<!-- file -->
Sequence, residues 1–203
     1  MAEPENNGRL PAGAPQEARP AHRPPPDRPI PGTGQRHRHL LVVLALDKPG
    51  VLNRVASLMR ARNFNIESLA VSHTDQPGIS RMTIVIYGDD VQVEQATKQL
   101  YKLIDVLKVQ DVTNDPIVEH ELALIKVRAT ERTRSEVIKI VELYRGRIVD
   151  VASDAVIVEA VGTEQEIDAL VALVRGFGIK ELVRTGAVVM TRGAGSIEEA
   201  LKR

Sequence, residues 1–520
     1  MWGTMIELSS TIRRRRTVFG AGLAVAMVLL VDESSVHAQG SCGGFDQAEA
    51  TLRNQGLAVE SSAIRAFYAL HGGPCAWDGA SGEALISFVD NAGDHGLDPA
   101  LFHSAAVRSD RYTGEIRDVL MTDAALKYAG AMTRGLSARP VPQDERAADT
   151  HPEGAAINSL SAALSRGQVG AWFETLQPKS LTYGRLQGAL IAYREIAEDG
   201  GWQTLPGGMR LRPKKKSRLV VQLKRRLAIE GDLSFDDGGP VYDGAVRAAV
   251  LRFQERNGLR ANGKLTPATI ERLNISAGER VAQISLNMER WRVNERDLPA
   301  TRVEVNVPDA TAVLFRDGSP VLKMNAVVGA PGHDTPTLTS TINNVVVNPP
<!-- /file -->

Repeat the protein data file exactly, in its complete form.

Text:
Sequence, residues 1–203
     1  MAEPENNGRL PAGAPQEARP AHRPPPDRPI PGTGQRHRHL LVVLALDKPG
    51  VLNRVASLMR ARNFNIESLA VSHTDQPGIS RMTIVIYGDD VQVEQATKQL
   101  YKLIDVLKVQ DVTNDPIVEH ELALIKVRAT ERTRSEVIKI VELYRGRIVD
   151  VASDAVIVEA VGTEQEIDAL VALVRGFGIK ELVRTGAVVM TRGAGSIEEA
   201  LKR

Sequence, residues 1–520
     1  MWGTMIELSS TIRRRRTVFG AGLAVAMVLL VDESSVHAQG SCGGFDQAEA
    51  TLRNQGLAVE SSAIRAFYAL HGGPCAWDGA SGEALISFVD NAGDHGLDPA
   101  LFHSAAVRSD RYTGEIRDVL MTDAALKYAG AMTRGLSARP VPQDERAADT
   151  HPEGAAINSL SAALSRGQVG AWFETLQPKS LTYGRLQGAL IAYREIAEDG
   201  GWQTLPGGMR LRPKKKSRLV VQLKRRLAIE GDLSFDDGGP VYDGAVRAAV
   251  LRFQERNGLR ANGKLTPATI ERLNISAGER VAQISLNMER WRVNERDLPA
   301  TRVEVNVPDA TAVLFRDGSP VLKMNAVVGA PGHDTPTLTS TINNVVVNPP